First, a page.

Have you ever seen this displayed on a CD or a vinyl record?
“This is a pure digital recording”
Well let’s stop right there. First you must realize that a digital recording can be converted to analog for playback on vinyl, and that an analog recording can be converted to digital so it can be played back on a CD.
There is a lot of conversion from analog to digital and digital to analog that can occur in the process of recording and playback. So it really depends on where you begin the process as to whether it qualifies as a pure digital recording. This is because the instruments generating the sound are still analog instruments, the transmittal of the sound from the instrument to the microphone still travels through the air in vibrations (air pressure pulses), and the microphone itself still “hears” analog vibrations which it converts into an analog electrical impulse.
The digital process begins at the point where the electrical impulses generated by the microphone are encoded onto a recording device. In the case of digital encoding, the first thing that must happen is to convert the analog electrical impulse into a digital code that represents the analog signal. It is from this point, called the “Analog to Digital Conversion”, that the basic underlying debate really begins.
In order to “digitize” an analog signal, engineers developed a method of describing a sound wave’s attributes (frequency, loudness, waveform, etc) into a numerical code, a unique code for each particular “sample” taken. Keep in mind that the description is done for a particular moment in time, so if you have sufficient samples per second, and if your description is highly accurate then when played back this string of samples will sound very much like the original analog sound that it attempts to represent.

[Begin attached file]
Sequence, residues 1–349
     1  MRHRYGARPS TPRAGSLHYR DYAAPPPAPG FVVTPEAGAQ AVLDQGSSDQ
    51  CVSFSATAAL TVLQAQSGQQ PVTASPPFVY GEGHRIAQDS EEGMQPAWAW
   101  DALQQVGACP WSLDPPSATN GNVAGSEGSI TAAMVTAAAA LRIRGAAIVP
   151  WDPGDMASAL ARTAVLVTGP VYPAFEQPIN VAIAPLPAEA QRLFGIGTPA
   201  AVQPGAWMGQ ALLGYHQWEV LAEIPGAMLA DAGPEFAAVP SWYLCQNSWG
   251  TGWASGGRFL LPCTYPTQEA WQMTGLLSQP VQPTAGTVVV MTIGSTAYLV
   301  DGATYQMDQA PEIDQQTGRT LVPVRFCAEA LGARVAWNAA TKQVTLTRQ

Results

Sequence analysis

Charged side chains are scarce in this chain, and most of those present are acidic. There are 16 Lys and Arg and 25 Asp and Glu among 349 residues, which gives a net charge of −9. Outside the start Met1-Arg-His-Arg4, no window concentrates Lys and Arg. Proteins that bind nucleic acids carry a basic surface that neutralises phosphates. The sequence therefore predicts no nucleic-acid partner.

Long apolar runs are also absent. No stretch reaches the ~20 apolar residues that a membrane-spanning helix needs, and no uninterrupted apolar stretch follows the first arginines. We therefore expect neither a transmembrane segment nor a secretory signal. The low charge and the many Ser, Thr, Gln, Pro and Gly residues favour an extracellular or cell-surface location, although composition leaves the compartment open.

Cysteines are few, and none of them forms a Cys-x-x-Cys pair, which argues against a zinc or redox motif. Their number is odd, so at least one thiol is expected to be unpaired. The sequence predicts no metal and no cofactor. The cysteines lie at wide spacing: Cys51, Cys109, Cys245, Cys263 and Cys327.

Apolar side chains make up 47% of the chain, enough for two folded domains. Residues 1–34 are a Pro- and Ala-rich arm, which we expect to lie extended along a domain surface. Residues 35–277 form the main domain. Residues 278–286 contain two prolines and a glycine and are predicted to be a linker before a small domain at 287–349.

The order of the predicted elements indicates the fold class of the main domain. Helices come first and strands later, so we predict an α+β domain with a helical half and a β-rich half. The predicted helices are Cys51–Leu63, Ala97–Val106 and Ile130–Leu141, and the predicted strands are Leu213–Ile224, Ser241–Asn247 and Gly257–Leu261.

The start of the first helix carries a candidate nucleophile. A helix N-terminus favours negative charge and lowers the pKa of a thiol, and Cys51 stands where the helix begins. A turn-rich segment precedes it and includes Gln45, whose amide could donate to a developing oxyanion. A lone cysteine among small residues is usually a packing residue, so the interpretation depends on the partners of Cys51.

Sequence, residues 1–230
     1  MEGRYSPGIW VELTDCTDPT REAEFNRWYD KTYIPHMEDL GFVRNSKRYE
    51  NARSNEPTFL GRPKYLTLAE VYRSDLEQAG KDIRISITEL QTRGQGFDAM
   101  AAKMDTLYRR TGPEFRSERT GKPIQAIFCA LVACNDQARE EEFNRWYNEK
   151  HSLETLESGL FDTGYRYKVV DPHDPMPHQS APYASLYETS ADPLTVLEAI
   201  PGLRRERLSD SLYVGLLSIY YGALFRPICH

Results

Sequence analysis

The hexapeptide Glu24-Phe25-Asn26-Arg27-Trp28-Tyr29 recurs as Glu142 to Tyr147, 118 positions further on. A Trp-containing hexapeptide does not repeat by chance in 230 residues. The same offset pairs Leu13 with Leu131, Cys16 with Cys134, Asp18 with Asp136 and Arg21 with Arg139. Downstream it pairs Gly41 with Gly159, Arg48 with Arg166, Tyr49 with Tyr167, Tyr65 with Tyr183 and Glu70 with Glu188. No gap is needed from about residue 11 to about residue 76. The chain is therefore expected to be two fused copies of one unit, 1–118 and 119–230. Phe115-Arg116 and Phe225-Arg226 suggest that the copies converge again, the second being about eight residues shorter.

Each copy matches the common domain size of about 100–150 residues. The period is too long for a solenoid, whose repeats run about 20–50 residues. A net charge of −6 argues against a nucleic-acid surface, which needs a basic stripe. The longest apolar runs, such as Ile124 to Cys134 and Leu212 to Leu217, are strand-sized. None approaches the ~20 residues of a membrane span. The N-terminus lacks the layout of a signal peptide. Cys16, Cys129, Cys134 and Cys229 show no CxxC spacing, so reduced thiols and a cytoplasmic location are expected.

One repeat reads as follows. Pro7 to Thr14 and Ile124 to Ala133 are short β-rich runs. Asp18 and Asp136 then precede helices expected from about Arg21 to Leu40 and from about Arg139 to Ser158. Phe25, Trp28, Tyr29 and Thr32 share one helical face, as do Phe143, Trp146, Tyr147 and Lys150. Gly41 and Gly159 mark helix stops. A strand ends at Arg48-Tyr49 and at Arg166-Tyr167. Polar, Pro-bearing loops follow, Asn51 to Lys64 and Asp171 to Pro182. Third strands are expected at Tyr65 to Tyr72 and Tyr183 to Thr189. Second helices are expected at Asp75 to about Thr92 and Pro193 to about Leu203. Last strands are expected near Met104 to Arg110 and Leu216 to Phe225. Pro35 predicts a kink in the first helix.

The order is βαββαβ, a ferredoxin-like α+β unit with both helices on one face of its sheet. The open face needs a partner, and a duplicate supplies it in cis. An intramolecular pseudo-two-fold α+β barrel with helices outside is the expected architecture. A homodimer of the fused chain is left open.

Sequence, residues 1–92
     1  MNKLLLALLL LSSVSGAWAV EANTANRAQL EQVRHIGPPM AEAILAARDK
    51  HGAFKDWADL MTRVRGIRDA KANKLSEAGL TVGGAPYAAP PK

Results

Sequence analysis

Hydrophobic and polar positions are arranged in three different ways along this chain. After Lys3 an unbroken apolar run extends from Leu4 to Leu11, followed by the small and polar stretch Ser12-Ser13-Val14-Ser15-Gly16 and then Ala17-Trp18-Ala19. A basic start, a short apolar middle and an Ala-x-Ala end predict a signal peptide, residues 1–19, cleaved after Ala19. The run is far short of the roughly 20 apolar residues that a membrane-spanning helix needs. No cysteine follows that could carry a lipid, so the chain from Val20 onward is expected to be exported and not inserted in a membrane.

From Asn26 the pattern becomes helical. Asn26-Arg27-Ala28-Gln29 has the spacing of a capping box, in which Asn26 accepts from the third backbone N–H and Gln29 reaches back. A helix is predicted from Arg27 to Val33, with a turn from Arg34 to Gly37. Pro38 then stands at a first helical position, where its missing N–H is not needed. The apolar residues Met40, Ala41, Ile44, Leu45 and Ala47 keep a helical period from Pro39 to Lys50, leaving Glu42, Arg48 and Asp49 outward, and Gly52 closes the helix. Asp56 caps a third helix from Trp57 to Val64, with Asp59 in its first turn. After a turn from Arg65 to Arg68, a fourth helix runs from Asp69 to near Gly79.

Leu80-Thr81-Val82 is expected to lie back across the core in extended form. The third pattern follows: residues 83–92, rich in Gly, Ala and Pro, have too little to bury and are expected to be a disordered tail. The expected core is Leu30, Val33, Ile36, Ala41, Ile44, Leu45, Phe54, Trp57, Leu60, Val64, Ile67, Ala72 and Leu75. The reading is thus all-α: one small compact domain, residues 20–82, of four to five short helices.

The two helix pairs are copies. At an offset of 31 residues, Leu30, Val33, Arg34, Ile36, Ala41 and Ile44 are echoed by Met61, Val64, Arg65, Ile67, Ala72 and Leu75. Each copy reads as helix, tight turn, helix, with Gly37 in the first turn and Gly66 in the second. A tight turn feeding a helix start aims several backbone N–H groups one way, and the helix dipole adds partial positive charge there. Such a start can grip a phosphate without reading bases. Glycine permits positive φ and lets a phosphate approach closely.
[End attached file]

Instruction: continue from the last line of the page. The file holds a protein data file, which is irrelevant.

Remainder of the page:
A good analogy always helps to visualize this process…
When you look at a picture on a TV you see a picture which looks a lot like the original. But when you put your nose right up to the display you see the pixels that collectively represent the picture.
The more pixels used, the more accurate the description is. In the case of a moving subject, the more frames per second, the more realistic and accurate the movement looks. In the audio digital world this is analogous to the sample size and the sample rate. As you can understand, the more accurate the descriptions are, and the more of these descriptions per second that are provided yield an image that will more closely represent the original analog signal, but it can never fully represent the analog signal because you can always improve on either the description or its frequency.
So why is digital so compelling if it cannot quite achieve 100% accuracy? The answer is that once a sound is digitized, the remaining process can be largely free of the problems that accompany analog recording and playback.